So I know that Linux is considered "Unix-like" while OSX is Unix.
Why is this? I feel like Linux is much more "Unix-like" than OSX is.
What makes OSX more "Unix" than Linux?
closed as too broad by Braiam, slm♦, jasonwryan, Ramesh, Gilles May 15 '14 at 23:51
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As suggested in the comments, OS X primary is a real Unix since it is certified by The Open Group (owner of the UNIX™ trademark), allowing it to legally claim itself to be UNIX.
Primary requirement for being UNIX certified is being conforming to the POSIX standard(s). Second one is being able to pay The Open Group the certification process. I think the latter point is the main problem why Linux is not certified. ;)
Another good reason for not taking the afford of certification is that there isn't really one Linux. Of course, there is a primary source for the actual operating system's kernel, but most distributors don't ship exactly this kernel, but patch it themselves, which would break certification. Even if you take the vanilla kernel (Linus's tree), there are dozens of possible configurations, and the kernel config even allows you to explicitly break POSIX compliance. This sounds strange at first glance, but absolutely makes sense, for example if you're planning to run your kernel on an embedded system with hard resource constraints. It could be advantageous to disable certain features that simply are not needed by such a setup, but would break POSIX compatibility (by disabling parts of the API, etc.).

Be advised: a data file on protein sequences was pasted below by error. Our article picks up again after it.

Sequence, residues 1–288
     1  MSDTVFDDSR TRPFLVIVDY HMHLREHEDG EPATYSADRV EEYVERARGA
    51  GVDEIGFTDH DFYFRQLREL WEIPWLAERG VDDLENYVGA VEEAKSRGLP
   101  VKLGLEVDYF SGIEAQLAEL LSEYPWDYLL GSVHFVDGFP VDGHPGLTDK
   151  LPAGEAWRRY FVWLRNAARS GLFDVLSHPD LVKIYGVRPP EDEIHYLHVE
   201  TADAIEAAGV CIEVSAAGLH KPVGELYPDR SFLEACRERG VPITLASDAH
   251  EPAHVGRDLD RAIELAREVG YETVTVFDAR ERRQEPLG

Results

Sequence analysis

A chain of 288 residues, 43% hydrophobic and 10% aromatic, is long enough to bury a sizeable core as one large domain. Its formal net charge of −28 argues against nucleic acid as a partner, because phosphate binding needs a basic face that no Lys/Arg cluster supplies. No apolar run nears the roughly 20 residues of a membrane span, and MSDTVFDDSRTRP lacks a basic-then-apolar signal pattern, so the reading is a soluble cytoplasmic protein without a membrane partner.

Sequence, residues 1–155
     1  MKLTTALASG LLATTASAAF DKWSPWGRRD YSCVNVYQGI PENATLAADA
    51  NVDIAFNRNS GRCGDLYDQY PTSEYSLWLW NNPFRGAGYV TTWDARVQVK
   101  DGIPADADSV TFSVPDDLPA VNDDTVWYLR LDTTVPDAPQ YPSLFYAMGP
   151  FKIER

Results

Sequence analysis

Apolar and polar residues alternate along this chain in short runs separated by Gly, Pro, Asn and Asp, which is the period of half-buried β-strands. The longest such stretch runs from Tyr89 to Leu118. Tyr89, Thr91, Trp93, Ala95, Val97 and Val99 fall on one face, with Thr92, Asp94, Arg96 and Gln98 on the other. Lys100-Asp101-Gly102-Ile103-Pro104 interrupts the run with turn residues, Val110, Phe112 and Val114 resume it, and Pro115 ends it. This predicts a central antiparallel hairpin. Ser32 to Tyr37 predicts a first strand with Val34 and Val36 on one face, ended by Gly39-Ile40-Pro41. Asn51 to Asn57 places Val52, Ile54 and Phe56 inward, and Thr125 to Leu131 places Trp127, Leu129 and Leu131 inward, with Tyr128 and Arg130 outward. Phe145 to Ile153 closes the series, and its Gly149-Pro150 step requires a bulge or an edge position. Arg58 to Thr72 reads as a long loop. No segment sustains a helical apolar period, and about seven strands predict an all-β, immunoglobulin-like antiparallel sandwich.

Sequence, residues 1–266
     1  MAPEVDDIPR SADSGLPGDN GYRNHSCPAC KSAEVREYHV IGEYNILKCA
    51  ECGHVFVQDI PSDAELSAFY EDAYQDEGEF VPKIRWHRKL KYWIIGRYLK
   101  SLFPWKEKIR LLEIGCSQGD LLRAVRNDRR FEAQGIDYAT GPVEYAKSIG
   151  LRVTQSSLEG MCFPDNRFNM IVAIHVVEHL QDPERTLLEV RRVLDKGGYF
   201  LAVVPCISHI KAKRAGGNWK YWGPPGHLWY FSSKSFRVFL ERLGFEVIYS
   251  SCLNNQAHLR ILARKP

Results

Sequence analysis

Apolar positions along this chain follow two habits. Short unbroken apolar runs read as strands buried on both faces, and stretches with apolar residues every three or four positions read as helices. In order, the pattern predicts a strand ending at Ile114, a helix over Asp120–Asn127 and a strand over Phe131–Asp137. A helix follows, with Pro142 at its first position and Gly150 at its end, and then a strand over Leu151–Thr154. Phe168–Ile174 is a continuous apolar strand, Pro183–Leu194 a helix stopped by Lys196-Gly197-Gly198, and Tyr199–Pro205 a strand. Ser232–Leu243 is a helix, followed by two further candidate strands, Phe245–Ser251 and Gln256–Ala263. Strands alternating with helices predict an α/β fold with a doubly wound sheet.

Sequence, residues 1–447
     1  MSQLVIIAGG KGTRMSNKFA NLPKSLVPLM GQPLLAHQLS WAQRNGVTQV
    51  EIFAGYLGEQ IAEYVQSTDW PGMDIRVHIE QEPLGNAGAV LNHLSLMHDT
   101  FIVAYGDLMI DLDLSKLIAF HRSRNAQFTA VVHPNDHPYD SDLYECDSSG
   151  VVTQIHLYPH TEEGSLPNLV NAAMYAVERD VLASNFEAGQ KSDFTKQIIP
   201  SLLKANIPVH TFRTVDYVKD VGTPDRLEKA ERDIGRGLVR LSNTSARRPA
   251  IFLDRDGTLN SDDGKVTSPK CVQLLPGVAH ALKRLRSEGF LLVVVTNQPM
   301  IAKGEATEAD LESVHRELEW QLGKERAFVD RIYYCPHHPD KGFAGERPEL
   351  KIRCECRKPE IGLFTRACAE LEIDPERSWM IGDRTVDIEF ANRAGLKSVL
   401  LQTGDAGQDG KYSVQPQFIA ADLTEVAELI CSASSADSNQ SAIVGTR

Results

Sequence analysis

OS X on the other hand does not have this problems. There's only one vendor which has complete control to decide which features the kernel supports and which not.
But even in the »iWorld« you can spot this problem: iOS or the system used on Apple's iTV although descendant of and closely tied to development of OS X are not UNIX certified. This most probably is caused by a reduced feature set breaking certification requirements.
Edit: The Open Group actually has a (draft status and rather moldy) document describing the conflicts between POSIX and LSB (the Linux Standard Base) you can find here.